2. 2

        I wonder, just out of curiosity: Do you think there’s any merit to the older systems like CVS and SVN? Is there anything more that we could learn from them, or for the most part are they obsolete and their secrets exhausted.

        1. 5

          Overall, I don’t think so. I would never go back!

          I remember a few times thinking an innovation in a new system was a bad idea, but changed my mind after using it. Like, I didn’t like how in SVN a file didn’t have a consecutively-numbered history anymore; and the “staging area” feature of git seemed needlessly over complicated. I learned better.

          I don’t find the pre-3rd gen systems interesting, because they’re not distributed. What I’m fascinated by is propagating content (documents, discussions, databases…) across a decentralized network, because I think that’s the future of the open Internet. Modern VCSs are obviously good at that, but unfortunately they’re optimized for source code (directory hierarchies of smallish line-based text files), and the amount of metadata they keep is excessive for many use cases where it’s not critical to keep a full revision history.

          1. 3

            What I’m fascinated by is propagating content (documents, discussions, databases…) across a decentralized network

            May I suggest you take a look at IPFS if you haven’t already? That sounds like something you’d enjoy playing around with.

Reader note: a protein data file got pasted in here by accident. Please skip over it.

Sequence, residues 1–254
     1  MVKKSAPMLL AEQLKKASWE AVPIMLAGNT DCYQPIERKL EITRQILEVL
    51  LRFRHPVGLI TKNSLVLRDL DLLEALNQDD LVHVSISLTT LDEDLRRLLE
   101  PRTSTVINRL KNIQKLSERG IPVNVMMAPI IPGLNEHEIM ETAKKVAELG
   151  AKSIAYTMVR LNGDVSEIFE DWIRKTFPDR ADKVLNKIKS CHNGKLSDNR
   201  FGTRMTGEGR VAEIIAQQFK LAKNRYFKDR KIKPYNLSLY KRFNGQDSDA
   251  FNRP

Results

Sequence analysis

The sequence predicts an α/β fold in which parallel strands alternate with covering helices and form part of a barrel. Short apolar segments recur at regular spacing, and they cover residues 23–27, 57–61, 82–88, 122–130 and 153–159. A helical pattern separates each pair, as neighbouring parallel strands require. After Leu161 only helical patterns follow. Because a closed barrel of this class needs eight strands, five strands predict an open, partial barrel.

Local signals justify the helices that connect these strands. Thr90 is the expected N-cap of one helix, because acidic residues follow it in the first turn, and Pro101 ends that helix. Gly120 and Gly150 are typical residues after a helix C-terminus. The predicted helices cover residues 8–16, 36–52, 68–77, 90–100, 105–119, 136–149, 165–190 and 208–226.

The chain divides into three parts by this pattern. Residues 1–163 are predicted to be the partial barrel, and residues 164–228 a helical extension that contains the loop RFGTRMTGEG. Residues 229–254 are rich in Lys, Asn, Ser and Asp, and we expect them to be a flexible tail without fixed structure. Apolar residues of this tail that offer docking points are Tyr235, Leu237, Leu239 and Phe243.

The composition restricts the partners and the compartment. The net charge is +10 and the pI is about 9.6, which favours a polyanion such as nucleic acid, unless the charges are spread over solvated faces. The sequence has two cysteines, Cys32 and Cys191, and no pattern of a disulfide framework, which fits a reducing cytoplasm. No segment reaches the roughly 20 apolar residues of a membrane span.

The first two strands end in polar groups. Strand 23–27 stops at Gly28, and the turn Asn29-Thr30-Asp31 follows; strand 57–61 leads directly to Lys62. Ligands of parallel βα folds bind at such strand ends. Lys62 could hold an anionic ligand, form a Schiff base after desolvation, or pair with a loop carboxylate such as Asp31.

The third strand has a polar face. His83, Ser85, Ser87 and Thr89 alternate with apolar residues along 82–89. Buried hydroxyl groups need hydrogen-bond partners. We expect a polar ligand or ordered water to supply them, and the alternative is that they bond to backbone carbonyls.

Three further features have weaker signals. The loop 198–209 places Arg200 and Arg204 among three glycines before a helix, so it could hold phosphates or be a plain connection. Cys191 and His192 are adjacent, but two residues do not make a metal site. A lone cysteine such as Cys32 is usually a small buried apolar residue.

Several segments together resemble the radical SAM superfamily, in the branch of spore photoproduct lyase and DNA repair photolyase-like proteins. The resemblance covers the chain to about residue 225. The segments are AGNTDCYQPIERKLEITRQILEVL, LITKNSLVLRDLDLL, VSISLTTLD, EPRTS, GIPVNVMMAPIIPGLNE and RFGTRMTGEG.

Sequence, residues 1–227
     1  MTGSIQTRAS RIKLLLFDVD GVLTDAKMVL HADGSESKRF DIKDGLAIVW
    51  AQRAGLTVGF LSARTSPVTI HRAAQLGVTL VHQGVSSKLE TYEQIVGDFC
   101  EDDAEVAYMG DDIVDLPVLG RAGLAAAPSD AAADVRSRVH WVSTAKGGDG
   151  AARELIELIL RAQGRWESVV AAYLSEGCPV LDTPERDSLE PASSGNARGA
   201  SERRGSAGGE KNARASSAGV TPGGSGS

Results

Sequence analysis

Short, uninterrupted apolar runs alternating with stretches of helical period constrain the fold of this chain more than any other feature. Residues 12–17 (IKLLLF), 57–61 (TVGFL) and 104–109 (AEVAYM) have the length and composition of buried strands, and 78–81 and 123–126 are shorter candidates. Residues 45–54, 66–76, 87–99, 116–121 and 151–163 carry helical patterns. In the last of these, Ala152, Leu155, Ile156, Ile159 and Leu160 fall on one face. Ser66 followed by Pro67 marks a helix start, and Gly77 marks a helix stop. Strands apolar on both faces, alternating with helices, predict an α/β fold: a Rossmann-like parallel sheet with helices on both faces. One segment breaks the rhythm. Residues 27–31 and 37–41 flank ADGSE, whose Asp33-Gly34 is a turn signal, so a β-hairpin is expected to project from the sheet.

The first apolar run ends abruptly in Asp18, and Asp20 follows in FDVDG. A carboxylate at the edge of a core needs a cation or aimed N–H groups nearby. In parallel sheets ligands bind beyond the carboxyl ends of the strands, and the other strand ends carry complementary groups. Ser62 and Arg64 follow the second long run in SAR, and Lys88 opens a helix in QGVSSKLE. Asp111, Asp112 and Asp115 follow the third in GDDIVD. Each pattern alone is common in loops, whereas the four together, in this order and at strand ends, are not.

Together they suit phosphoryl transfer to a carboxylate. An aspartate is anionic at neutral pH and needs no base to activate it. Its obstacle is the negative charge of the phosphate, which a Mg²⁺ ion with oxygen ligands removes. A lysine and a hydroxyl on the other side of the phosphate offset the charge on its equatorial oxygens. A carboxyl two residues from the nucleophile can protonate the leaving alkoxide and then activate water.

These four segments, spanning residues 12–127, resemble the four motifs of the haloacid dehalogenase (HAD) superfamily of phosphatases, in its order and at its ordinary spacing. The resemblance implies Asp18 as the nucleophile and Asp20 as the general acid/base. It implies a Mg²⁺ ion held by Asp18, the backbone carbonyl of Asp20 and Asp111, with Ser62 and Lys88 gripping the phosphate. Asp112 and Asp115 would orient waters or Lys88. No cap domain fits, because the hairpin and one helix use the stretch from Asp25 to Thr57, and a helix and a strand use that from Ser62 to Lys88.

2. 2

          I sometimes use first generation version control, such as RCS for files I only work on (configuration files, html documents, etc.). The main benefit over git is that I can have multiple independently versioned files in one directory.

          Emacs has a great interface for interacting with it (vc), so I don’t have to bother with the specific commands, but still can easily browse the history, create blames and add changes.

          1. 4

            A lot of my servers have RCS guarding config files with strict locking disabled, just so I always have the ability to undo to a clean copy, and once something works I can actually describe the change out-of-band instead of making my config 80% comments as to what piece does what, why, the history of it all…

            If you’re going to do that, fun tip, create an RCS/ directory, and RCS will put all it’s ,v files in there instead of in the same directory, makes things cleaner. Especially when I have 20 different files of VCL (Varnish) and then 20 other files that are the exact same to my tired eyes.

            1. 2